The Fresh Loaf

News & Information for Amateur Bakers and Artisan Bread Enthusiasts

Tempting me with sourdough

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PaddyL's picture
PaddyL

Tempting me with sourdough

I don't usually make sourdough bread unless someone asks me for a loaf specifically.  But after reading all these posts lately, you have tempted me to get a starter going again.  I've read that you can temper the sour flavour by adding baking soda, and as I'm not all that mad about sour, I'd like to know if this would work.  Also, does sourdough bread automatically have a chewy crust and crumb?  I'd be grateful for any help you can give.

Paddyscake's picture
Paddyscake

To me it's easier to think of sourdough as a type of bread that can be made from a starter. Your starter can also produce very mild, non-sour loaves. Alot of the flavor does come from overnight retarding. SourdoLady can certainly get you started. Her Deluxe Sourdough is a milder, softer crumbed loaf..still crusty though. BWraith offers tons of info..put them into the search engine.

PaddyL's picture
PaddyL

I looked up SourdoLady's starter, will print it out and have a go.  I'll let you know what happens.  Love your name, Paddyscake.

Paddyscake's picture
Paddyscake

is very helpful..just post her name in your subject line..let us know how it goes!!

staff of life's picture
staff of life

Add a bit of instant yeast to your sourdough when mixing up a dough and the loaves will be less sour.  Just don't add the yeast to the starter that you intend to keep.

SOL

Floydm's picture
Floydm

Have you already tasted a loaf made with your starter? Because you may not even need to temper it. I love super sour sourdough, but I find mine disappointingly un-sour unless I take special steps to make it sourer (like an extra long, slow fermentation). As I mentioned a couple of days ago, when I rise it in a warm place, it barely tastes like sourdough to my taste buds.

foolishpoolish's picture
foolishpoolish

PaddyL, I must say what tempted me to try a sourdough starter  was the wealth of recipes and information at Susan's 'Wild Yeast' blog where she details how to start and maintain a 100% hydration sourdough starter.

The degree and 'type' of 'sour' varies according to recipe as well as a whole wealth of other factors that I am still learning about (temperature would certainly seem to play an important role).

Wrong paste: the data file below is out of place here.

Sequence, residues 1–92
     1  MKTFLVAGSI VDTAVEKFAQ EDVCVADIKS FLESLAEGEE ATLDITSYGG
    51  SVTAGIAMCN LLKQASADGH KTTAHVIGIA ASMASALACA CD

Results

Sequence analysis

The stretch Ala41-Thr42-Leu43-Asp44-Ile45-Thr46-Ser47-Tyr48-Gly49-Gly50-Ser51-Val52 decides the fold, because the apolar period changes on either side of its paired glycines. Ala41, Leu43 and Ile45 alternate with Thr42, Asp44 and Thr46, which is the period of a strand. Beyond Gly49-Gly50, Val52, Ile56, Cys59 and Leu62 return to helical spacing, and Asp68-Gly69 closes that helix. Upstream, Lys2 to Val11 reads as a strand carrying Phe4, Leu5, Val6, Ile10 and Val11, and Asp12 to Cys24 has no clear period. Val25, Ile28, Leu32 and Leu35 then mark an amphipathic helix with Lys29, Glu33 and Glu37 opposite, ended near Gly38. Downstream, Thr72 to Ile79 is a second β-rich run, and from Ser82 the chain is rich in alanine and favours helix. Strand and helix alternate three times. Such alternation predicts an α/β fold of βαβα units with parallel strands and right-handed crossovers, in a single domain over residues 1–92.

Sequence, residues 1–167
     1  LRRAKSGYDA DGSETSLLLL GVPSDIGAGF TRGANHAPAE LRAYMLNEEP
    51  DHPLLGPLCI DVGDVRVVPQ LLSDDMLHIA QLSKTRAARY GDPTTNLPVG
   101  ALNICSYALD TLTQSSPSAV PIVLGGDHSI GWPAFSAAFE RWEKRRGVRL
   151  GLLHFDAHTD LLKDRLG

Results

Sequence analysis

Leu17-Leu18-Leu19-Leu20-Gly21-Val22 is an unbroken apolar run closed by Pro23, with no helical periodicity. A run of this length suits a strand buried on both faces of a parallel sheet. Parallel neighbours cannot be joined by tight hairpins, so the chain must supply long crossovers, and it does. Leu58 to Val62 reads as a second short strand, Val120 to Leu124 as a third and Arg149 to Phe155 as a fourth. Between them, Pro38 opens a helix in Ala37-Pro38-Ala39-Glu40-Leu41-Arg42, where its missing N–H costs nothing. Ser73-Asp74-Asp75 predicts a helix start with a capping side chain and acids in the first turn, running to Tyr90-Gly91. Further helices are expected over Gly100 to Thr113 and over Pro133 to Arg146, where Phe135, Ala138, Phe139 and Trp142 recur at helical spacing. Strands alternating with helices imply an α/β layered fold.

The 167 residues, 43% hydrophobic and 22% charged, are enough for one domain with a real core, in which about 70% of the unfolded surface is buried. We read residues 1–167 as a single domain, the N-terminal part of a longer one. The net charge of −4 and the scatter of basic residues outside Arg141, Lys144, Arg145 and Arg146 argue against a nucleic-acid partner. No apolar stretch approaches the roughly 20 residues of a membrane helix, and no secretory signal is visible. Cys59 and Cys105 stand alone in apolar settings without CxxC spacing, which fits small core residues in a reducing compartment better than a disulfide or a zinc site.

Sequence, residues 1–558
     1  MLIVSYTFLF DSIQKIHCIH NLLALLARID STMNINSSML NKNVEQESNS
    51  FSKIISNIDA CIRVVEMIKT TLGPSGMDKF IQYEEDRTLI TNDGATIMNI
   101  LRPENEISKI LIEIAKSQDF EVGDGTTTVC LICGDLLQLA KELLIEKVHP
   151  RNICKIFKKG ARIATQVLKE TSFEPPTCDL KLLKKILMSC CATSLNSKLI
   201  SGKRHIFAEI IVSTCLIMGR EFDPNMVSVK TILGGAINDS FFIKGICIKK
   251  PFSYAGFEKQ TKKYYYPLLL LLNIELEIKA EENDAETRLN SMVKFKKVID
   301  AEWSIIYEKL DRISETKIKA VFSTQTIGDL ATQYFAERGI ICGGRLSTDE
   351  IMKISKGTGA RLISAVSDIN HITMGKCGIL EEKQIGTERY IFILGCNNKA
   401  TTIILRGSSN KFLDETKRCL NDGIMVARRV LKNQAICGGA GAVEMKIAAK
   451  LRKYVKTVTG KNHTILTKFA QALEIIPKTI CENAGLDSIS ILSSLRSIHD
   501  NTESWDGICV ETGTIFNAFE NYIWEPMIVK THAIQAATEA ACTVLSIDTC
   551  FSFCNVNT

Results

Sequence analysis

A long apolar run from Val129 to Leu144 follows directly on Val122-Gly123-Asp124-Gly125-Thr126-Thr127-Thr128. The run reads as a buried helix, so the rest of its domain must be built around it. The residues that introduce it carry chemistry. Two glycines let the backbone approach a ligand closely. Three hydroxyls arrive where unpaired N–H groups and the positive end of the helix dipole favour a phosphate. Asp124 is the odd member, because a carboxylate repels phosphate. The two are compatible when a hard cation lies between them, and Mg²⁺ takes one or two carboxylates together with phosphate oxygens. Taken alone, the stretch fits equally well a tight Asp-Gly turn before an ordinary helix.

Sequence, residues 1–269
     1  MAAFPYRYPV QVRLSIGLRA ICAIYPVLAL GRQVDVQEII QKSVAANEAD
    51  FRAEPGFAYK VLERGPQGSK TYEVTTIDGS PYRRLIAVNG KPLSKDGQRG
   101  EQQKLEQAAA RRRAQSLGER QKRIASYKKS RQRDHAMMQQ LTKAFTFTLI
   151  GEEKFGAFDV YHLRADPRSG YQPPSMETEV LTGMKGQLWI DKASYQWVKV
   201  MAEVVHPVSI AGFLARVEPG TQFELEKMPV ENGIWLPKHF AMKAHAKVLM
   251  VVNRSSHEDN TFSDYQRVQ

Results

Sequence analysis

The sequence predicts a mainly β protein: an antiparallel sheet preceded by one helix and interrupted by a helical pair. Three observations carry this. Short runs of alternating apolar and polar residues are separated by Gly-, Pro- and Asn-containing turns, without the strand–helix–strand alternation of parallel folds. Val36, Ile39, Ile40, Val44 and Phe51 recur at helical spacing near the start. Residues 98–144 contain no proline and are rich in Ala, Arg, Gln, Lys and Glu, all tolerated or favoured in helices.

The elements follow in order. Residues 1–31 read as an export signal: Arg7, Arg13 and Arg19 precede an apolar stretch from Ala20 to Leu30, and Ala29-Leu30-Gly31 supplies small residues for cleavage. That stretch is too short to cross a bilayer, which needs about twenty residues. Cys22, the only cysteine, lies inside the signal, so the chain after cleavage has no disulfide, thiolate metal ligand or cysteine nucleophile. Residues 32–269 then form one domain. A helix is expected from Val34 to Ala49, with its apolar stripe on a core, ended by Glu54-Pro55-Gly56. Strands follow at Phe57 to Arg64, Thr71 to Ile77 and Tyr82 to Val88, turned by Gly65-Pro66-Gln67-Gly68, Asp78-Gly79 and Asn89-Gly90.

As you are probably already aware, the 'sour' is not the yeast itself but as a product (byproduct?) of the bacteria/yeast culture in your starter (Lactobacillus especially) - either in the form of lactic acid (a la yoghurt) or acetic acid (a la vinegar)   Changing the environmental factors (and ingredients, hydration etc) of your starter and recipes can nudge the activity and ratios of bacteria, yeast in different ways to give different degrees of sour.

Gosh, I realise I am being frightfully vague in writing the above but I'm still very much learning.  As has already been mentioned - Bwraith's extensive knowledge can be found on TFL - definitely worth searching for.

 

 

PaddyL's picture
PaddyL

...including Nancy Silverton's, mostly because I liked the idea of capturing wild yeasts.  That starter, like all our houseplants, died during the ice storm of 1998.  The last one I had going was one from Ellen Foscue Johnson's book, A Baker's Almanac, and it was pretty good.  I made her Basque Shepherd's Bread a few times for a friend, and it tasted good to me, not too sour.  The trouble came when I tried to freeze the starter which then died on me.  But it's in the above book by Ms. Johnson where she suggests the baking soda, and I wondered if that would really work since I never tried it.    I should say here that I've been baking bread with a passion for years, and have a collection of over 50 bread books.  It's only since discovering this site and the obvious passion people have here for sourdough, that I thought I'd give it another try.  When one does have an active starter on the go, so to speak, can any bread recipe be used with the starter instead of the called-for yeast?  I quite often make sponges when baking bread, or bigas, or poolishes, especially with whole grain breads.

SourdoLady's picture
SourdoLady

I really don't think you need to add baking soda to your dough. As Floyd said, proofing in a warm place will give you a quick rise and you really won't get any sour flavor. The sourness comes from cool slow proofs and starters that are kept at a firm consistency.

So, here's what I would do:

1. Use a liquid starter that has been fed and proofed overnight (8 hours)

2. Make your dough and let it proof in a cozy warm place until doubled. I like to use the oven with the light on, and I turn it on very briefly (like less than 1 minute) to slightly warm it. The light will maintain the warmth from there on.

3. Shape your bread and proof again until doubled, using the same warm place.

It's really much more difficult to attain a sour flavor than it is to achieve a non-sour bread. Many people complain that they can't get the sour flavor, so I don't think you need to worry about yours being sour.

Good luck--give it a try!

PaddyL's picture
PaddyL

I've begun the starter this afternoon at 1:35 p.m., with orange juice and whole wheat flour.  It is now sitting beside me, on top of my computer tower, as my room is the warmest in the house.  I'll let you know how it looks tomorrow.